109.Black Brant*-----------------------Titchwell-------------England
112.Little Egret-----------------------Titchwell-------------England
113.Black Tailed Godwit----------------Titchwell------------England
114.Spotted Redshank-----------------Titchwell------------England
116.Mediterranean Gull-----------------Titchwell------------England

We ended the day at Holkham watching the spectacular site of thousands of Pink Footed Geese coming into roost, finishing the day on 90 birds with a Woodcock at 1705! No Shore Lark however!

117.Snow Bunting----------------------Holkham------------England

30 January 2006

Having spent 3 and a half hours without any luck on Sunday morning looking for the Great Grey Shrike I nipped out at lunch time the next day and immediately saw it, being back at my desk within the hour!

119.Great Grey Shrike---------------Walton-on-Trent----England

3 February 2006

On Friday I made another lunch time raid to Nottingham to try and find the Waxwings that had been showing on the Nottinghamshire website all week (I had only noticed it on Thursday night). There were already a couple of birders there, one had been there an hour without any luck. The one chap had to get back to work betting we would see one within 5 minutes of him leaving. He would have won his bet as one arrived within 2 minutes!! It was then time for me to get back to lunch!


5 February 2006

121. Barnacle Goose----------------Attenborough-------England

11 February 2006

A 0630 start on a very cold morning and at 0730 I arrived at Rutland Water (the first car in the car park - other folk must be less crazy) - which once was the largest reservoir in Europe built in the 70's and famous for the annual Bird Fair each August - for another early morning bird watch. I picked up nearly 60 birds but only added one new one for the year, missing the White Fronted Geese by minutes!

122. Water Rail--------------------Rutland Water--------England

Arriving back at lunch time I didn't check Bird Guides until the middle of the afternoon where it was reported that the Long Tailed Duck had been seen at Branston Water Park near Burton-upon-Trent again. I had dipped it the previous Monday so nipped out and was successful in a matter of seconds thanks to some other helpful birders!

123. Long Tailed Duck--------------Branston Water Park---England

On the way home I decided to call at Willington where there are some cooling towers still left from a long ago dismantled power station where a peregrine is often reported. The day was getting better as again I was successful although it did take a few more minutes to find and typically was on the furthest cooling tower away from the road! The telescope was definately needed here!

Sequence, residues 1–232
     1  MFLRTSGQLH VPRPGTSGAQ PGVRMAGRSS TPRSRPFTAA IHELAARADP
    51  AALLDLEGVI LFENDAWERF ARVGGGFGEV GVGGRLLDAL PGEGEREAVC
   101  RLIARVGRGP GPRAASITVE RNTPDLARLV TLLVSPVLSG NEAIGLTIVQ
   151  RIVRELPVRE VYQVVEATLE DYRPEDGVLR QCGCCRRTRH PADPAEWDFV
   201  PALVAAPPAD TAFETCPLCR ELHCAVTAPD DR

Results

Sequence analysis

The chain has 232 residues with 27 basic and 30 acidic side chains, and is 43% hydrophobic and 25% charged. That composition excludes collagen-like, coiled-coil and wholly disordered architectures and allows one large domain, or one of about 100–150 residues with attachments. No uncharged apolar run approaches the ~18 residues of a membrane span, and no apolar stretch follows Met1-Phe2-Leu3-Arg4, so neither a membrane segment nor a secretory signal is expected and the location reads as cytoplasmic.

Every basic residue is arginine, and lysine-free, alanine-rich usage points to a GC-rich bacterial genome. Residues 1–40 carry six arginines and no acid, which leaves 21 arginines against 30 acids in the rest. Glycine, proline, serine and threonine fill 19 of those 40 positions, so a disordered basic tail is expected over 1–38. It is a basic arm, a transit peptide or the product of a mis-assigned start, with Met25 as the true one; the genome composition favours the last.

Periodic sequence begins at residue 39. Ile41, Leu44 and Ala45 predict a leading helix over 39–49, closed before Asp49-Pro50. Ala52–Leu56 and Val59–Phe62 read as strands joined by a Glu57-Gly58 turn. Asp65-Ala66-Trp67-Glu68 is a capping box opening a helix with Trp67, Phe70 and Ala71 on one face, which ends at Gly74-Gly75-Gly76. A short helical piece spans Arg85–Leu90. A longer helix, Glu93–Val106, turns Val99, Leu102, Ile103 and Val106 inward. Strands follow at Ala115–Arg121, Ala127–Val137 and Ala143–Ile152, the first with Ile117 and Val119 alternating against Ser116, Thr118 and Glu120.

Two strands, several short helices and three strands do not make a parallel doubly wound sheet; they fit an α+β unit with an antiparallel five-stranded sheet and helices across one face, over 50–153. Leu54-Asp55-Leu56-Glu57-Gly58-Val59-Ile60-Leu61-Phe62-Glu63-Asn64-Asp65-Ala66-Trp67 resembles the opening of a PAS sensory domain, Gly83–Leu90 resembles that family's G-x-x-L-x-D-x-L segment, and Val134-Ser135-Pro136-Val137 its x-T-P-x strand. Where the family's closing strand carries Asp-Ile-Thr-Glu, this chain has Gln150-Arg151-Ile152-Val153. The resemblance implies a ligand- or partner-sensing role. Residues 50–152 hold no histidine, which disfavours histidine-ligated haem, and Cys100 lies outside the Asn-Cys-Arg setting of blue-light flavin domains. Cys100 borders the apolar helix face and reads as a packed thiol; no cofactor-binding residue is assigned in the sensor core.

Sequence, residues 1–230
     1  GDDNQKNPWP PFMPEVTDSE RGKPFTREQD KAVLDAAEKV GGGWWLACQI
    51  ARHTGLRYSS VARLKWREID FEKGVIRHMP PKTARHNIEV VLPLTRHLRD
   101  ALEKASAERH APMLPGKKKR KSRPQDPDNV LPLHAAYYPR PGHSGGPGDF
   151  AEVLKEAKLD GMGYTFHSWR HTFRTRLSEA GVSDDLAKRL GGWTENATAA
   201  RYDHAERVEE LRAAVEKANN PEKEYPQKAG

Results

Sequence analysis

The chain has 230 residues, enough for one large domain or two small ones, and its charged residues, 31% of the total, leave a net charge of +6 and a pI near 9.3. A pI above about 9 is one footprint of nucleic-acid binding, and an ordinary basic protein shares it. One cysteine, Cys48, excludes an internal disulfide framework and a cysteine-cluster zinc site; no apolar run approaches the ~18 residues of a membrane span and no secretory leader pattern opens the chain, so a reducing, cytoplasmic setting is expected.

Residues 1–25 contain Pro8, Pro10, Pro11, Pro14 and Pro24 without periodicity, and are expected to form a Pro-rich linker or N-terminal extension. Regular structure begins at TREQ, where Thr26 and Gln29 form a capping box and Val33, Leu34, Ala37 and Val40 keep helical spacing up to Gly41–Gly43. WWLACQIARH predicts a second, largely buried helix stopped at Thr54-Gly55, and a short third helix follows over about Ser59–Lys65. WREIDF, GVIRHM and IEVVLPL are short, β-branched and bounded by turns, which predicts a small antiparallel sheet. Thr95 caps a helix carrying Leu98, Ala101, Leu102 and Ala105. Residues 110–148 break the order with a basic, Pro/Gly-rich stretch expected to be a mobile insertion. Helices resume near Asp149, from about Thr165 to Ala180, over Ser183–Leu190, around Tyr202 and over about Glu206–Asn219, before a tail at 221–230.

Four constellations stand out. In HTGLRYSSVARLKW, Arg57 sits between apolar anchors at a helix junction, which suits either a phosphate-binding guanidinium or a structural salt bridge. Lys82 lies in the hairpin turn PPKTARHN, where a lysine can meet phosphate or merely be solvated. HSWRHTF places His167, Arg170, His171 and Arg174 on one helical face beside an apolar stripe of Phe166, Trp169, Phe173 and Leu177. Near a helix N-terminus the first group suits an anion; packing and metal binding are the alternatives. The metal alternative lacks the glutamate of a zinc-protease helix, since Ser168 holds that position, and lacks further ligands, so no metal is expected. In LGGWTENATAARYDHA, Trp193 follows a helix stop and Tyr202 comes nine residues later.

124. Peregrine---------------------Willington--------------England

18 February 2006

First ever trip to Derwent Dale in north Derbyshire today hoping to see Goshawk. Unfortunately dipped on this wonderful bird but being there at dawn on an icy morning without another soul in sight was great. Did pick four new birds for the year though!

125. Red Grouse-------------------Derwent Dale-----------England
126. Stonechat--------------------Derwent Dale-----------England
127. Jay--------------------------Derwent Dale-----------England
128. Dipper-----------------------Derwent Dale------------England

19 February 2006

A quick trip to Attenborough today added one more to the 2006 list

129. Red Crested Pochard----------Attenborough----------England

Tomorrow I leave for a three week trip to China so hopefully my year list will pick up somewhat

21 February 2006

First bird in China was a White Wagtail as we taxied to the gate at Guangzhou airport

130. White Wagtail ---------------Guangzhou ------------China

22 February 2006

At first light out of my hotel in Haikou, on Hainan Island, the first bird of the day were Swallows catching flies above the Palm trees along the beach

131. Swallow---------------------Haikou-----------------China

After breakfast a quick walk around the gardens added three more to the year list

132.Japanese White Eye----------Haikou-----------------China
133.Chinese Bulbul---------------Haikou-----------------China
134.Magpie Robin----------------Haikou-----------------China

Walking back from my morning meetings another was bagged at the airport

135.Silky Starling----------------Haikou-----------------China

After the afternoon’s meetings the customer took us to the local mangrove swamp where we chartered a boat and landed on a small island picking up the following. Although the Kingfishers are great the Greater Coucal was my favourite bird: -

136.Black Shouldered Kite-------Haikou------------------China
137.White Throated Kingfisher---Haikou------------------China
138.Long Tailed Shrike----------Haikou------------------China
139.House Swift----------------Haikou------------------China
140.Crested Myna--------------Haikou------------------China
141.Spotted Dove--------------Haikou------------------China
142.Greater Coucal-------------Haikou------------------China
143.Common Sandpiper---------Haikou------------------China
144.Black Capped Kingfisher----Haikou------------------China
145.Chinese Pond Heron--------Haikou------------------China
146.Fork Tailed Sunbird---------Haikou-----------------China
147.Great Egret----------------Haikou------------------China
148.Little Ringed Plover---------Haikou------------------China
149.Kentish Plover-------------Haikou-------------------China